I hear Bea kicking her mattress in her crib with her right foot. We call her Thumper, she has busted holes in almost all of her sleepers in just the right toe, her kicking foot. I know she's awake, just up from a nap. But right now she is quiet (except for the thumping) content to be by herself, waking in her ever new world, happy to slowly explore it. Happy right where she is. I am learning so much from my 7 month old. The world is new to me each day too. If only I can be quiet enough. Go slow enough. Wake to it, to take it in, learn, and be in awe of it, as much as I can.
Tuesday, September 2, 2014
From the time I was very young, I knew I was beautiful and I knew I was smart. I knew this because Grandma told me every chance she had. I grew up confident. “Hey there you beautiful girl!” She would exclaim as I walked in the door as a little girl, an awkward adolescent, and as a grown woman. Always in awe of how clever she felt I was, I heard nothing but praise from her. I know that I was not the sole recipient of these proclamations, I shared them with my sisters, my cousins, my parents, my aunts, with anyone and everyone that Grandma loved. And she loved so many, she made friends so quickly. Her sweet uplifting remarks were always genuine though, no matter how often or for whom they were made. Grandma saw the beauty in people and she rejoiced in it.
She was hardworking farm girl who was grateful for and generous with what she had. She and Grandpa were constantly feeding people, always baking and keeping the pantry well stocked, always caring for and nourishing others in body and soul. Grandma had the quickest wit, pulling jokes out of nowhere. She was a wonderful storyteller and shared her history with us. She loved a game of cards, loved the banter, loved to table talk, loved to remind us that if you’re not going to have any fun you might as well stay home, and heck, most of the time that’s pretty fun too. She was always right about that, because she knew the secret—you make your own fun. You revel in every moment this life gives you.
As my daughter begins her life, we say a heart breaking good-bye to her Great-Grandma Raether, inspired by her, a woman who lived life better than anyone I know. Her days filled with joy, laughter, friendship and generosity. She embodied love and happiness. There is so much she has taught me that I will share with my beautiful girl Bea. She has given us this greatest gift, to see life for all the beauty it holds, to find that beauty in others, and to give it back to them.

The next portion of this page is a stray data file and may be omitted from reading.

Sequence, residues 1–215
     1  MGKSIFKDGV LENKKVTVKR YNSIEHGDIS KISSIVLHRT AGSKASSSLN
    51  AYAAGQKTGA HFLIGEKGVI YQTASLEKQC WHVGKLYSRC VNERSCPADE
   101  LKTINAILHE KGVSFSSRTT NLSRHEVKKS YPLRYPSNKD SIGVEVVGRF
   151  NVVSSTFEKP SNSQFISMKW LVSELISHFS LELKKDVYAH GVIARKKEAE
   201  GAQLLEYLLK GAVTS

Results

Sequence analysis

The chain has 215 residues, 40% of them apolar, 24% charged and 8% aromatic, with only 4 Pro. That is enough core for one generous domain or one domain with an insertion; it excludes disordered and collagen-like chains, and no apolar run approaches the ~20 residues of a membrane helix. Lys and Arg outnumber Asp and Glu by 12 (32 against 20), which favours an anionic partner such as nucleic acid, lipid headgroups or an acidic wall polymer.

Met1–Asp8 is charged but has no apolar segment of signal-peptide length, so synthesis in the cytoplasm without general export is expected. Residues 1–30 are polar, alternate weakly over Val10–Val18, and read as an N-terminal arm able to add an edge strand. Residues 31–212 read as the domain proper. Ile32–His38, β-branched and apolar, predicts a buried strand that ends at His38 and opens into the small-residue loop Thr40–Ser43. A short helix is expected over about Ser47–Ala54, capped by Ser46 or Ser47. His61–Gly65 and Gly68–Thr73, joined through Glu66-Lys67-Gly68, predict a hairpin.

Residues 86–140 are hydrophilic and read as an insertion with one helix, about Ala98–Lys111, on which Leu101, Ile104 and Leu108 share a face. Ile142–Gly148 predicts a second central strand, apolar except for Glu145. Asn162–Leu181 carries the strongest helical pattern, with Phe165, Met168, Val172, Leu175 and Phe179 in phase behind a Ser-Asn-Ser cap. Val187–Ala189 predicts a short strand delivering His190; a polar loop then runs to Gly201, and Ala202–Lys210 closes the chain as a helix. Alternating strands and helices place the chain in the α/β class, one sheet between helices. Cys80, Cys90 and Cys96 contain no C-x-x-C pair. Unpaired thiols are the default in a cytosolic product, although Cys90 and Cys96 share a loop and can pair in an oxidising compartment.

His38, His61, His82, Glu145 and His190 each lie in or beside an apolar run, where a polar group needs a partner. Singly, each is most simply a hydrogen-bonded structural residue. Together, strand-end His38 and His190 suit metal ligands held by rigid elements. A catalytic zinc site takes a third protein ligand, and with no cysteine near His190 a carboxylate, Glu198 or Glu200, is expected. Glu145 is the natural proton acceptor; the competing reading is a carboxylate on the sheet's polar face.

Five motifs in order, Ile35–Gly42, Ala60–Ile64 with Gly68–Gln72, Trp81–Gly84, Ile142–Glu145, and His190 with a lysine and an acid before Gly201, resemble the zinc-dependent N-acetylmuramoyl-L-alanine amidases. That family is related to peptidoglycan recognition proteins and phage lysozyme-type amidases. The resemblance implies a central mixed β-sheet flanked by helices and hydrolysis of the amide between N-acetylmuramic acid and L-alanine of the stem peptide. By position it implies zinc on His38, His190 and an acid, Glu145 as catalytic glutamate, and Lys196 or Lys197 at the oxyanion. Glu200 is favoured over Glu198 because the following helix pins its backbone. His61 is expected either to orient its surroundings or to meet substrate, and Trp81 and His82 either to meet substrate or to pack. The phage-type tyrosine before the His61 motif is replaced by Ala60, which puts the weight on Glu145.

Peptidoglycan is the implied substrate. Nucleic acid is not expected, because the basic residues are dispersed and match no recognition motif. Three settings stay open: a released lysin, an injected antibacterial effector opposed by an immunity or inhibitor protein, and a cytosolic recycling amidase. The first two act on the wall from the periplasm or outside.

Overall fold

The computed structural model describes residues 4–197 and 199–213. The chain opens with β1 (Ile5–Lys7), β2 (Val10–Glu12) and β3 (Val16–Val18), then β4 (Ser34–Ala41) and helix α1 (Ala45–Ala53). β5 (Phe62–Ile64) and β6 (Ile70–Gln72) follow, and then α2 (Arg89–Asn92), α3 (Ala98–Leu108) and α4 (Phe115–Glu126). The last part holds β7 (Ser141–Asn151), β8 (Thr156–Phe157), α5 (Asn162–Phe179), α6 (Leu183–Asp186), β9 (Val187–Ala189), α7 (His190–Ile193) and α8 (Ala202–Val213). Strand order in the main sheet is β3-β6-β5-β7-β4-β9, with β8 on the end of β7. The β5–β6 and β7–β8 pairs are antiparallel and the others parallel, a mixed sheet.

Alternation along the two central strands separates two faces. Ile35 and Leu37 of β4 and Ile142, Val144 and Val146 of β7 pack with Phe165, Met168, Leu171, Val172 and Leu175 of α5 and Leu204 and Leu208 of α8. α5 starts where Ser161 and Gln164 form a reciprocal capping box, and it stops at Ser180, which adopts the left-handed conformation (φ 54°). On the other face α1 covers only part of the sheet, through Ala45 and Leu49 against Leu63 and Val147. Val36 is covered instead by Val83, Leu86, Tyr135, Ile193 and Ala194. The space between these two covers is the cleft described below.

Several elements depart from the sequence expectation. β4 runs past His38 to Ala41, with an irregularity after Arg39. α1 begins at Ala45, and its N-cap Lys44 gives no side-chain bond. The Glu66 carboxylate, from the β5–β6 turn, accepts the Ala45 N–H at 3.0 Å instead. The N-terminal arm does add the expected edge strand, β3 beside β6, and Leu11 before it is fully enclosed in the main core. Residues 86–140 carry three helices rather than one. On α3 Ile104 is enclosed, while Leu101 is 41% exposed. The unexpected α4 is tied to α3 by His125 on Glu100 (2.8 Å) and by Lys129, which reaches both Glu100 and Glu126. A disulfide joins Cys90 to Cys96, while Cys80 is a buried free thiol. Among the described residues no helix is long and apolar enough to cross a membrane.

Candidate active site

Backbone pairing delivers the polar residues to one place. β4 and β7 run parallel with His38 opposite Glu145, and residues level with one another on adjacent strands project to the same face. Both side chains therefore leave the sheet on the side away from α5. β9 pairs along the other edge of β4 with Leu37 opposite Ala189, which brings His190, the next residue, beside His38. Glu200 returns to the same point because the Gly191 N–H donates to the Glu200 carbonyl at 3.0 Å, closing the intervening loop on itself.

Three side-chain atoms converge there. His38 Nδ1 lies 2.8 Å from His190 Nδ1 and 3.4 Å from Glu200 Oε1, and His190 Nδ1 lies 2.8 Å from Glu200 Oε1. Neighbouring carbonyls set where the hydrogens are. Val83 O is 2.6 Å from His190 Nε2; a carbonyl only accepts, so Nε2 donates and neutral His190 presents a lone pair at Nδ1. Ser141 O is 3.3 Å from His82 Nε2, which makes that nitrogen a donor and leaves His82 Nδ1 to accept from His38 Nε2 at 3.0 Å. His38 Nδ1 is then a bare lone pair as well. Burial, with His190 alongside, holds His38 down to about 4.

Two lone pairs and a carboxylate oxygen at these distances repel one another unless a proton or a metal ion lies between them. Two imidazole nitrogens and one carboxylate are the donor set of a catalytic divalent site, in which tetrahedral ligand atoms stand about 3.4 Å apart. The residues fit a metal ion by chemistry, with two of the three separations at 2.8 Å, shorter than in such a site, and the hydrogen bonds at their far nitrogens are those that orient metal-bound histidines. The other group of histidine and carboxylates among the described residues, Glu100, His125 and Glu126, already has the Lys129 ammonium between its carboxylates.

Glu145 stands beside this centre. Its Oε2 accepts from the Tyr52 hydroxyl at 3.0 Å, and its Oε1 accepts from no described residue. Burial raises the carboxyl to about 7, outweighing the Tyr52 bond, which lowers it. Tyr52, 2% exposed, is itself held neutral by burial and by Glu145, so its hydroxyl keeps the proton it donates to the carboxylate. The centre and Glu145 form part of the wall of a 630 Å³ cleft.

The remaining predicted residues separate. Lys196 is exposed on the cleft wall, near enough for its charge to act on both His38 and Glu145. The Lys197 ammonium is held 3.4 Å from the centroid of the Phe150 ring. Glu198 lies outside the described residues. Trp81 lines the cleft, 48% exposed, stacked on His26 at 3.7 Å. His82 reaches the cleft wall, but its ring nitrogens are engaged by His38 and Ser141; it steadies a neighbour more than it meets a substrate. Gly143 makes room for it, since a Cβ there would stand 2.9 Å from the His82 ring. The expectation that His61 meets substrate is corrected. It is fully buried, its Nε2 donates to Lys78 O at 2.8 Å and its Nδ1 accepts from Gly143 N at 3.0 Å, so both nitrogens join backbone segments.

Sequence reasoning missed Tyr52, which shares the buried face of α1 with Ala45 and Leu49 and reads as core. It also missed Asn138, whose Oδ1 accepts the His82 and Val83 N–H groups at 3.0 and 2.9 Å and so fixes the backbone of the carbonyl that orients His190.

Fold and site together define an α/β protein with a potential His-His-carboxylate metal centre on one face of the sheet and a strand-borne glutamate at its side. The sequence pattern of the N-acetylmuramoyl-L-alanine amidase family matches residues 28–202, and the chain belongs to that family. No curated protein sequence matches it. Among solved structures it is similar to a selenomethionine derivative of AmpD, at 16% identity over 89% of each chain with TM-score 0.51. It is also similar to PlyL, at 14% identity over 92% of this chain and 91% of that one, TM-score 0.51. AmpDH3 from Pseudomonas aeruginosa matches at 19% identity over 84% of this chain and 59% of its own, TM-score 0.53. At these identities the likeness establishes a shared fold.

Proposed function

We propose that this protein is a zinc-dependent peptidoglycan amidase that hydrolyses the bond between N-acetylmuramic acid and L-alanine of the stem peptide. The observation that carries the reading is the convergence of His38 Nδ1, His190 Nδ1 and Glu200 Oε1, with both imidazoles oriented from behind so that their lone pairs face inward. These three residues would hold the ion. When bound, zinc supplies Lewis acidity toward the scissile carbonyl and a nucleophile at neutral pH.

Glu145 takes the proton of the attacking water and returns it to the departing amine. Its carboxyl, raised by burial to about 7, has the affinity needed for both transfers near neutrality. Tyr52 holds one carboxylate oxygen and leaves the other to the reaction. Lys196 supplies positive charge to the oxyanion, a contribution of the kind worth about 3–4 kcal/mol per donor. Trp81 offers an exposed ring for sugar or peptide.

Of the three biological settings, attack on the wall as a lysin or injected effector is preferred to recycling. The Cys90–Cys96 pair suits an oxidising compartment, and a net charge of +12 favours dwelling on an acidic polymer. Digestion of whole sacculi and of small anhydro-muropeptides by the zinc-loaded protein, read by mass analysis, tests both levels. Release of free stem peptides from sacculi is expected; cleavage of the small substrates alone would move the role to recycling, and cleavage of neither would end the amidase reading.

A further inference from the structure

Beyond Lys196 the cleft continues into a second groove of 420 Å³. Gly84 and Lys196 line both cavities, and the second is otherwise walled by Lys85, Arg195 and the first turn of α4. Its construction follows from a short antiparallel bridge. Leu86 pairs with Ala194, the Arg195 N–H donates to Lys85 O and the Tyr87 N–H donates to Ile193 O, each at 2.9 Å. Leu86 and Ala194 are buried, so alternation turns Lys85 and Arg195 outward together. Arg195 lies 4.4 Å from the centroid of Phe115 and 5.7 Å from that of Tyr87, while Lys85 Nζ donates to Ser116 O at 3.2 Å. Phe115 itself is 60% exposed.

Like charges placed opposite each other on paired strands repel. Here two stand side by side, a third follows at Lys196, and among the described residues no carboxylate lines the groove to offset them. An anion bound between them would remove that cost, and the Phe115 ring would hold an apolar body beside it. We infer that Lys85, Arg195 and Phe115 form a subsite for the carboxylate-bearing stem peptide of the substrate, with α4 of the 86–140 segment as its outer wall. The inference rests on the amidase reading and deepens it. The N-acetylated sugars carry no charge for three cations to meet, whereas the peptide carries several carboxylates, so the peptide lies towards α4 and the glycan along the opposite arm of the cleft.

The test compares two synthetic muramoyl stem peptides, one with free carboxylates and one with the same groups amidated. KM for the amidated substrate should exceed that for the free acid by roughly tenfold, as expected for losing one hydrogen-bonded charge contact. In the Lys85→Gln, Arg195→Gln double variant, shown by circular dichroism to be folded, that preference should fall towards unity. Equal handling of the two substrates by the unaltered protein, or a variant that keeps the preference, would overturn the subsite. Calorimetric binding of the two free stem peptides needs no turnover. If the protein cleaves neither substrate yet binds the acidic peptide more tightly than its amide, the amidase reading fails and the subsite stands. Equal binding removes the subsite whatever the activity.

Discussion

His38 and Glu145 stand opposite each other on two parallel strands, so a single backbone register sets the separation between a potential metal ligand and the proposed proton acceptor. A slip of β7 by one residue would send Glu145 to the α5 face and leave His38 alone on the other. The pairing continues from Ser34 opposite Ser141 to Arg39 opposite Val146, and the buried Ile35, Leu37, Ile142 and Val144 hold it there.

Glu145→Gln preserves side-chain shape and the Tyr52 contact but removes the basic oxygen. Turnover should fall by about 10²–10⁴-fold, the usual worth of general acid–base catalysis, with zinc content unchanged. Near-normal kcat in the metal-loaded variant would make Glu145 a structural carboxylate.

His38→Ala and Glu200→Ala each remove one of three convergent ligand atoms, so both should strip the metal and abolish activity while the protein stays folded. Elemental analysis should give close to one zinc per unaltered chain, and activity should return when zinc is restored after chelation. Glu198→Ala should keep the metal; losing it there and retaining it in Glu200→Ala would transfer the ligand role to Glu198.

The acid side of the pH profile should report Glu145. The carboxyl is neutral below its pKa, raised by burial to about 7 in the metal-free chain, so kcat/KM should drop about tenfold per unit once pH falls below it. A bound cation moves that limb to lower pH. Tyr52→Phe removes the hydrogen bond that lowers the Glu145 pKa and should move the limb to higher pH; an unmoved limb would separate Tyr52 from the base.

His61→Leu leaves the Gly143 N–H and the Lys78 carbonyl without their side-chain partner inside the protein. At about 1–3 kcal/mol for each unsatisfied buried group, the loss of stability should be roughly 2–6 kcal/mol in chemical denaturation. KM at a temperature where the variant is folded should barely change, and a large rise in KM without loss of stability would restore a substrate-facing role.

With the biggest smile she would toast us “Here’s hoping you live forever, and I never die.” Your vibrant spirit will live on forever—we will share that special part of us that is you with everyone we meet.
Saturday, February 15, 2014
So much can happen in 2 years. So much GOOD.
It starts with this guy. One year ago tomorrow, on February 16th, 2013, (my older sister's birthday) we decided to get married.
Around this time I was accepted to the University of Minnesota's Masters of Public Health program, with a focus on Community Health Promotion.
I found an urban farm to work at this past summer.
In June of 2013, we bought a lovely Minneapolis bungalow.
We lost Buster the previous May to heart failure and we miss him dearly. Shortly we moved in to the new house, we decided to share our home again with a furry friend, and we adopted a kitten which we named Ivan.
My newest niece, Miss Ellie Jean (my little bean) was born to my younger sister and brother, in August.
And she's wonderful, just like her cousin Lexi.
Who is getting so big, and will be a fantastic big sister this spring when her baby brothers arrive.
October 12th, 2013. We made our promises in front of the people we love.
I became Mrs. Kara Guerra. A lucky to lady to have this man and a fun new rhyming name.
And NOW.... We are excited to meet this little sprout of ours this August, 2014.
SO much GOOD.
Sunday, March 25, 2012
I ride my bike around town a lot. Coasting downhills, easing up them, looking all around me... --as needed, I switch gears... it's freedom.
I stopped writing at the end of October. I was about to move to the farm. And I did. I moved. ...I started to.
I started to move to my family farm and something happened in me, --something that had been building in me for weeks. I was so lost, --trying to follow conflicting emotions in turn --at such a loss for direction. Those last weeks of my farm internship, this dream of mine was being realized --but I wasn't sure it was my dream anymore. I left work on Halloween night from one farm for the other. I was to spend my first night in my new home. My Grandparent's farmhouse waited empty for me. I was excited as I left, car full.
As a I drove through the sunsetting landscape, my excitement sank with the light. Driving into town, a place I loved to visit--where family was close by, friendly faces, memories, history, nostalgia, the farm, my dreams--all that brought me there. But what I felt was alone, unprepared and lost. This was a wonderful place and I was lucky to be there--but, as it turned out, I didn't believe it was where I belonged.
It was a difficult decision to make, and easy when I really listened to my feelings--the move didn't feel right. I couldn't help but feel the guilt and the failure. Ever lucky me though, I had/(have) the world's best-EVER support system. And with those truly amazing people and a little time, I found a path.
I've found home again in Minneapolis. I'm working towards a new kind of work for me, something I believe in. I will always grow things, I will always make things, and though you can take the girl out of Wisconsin, you can't take the Wisconsin out of the girl--I will always and forever be from Wisconsin-- but our neighbor, Minnesota, has found its own place in my heart (excepting their sports teams.) I have love here. And I have community that I've built here. And brand, shiny new dreams....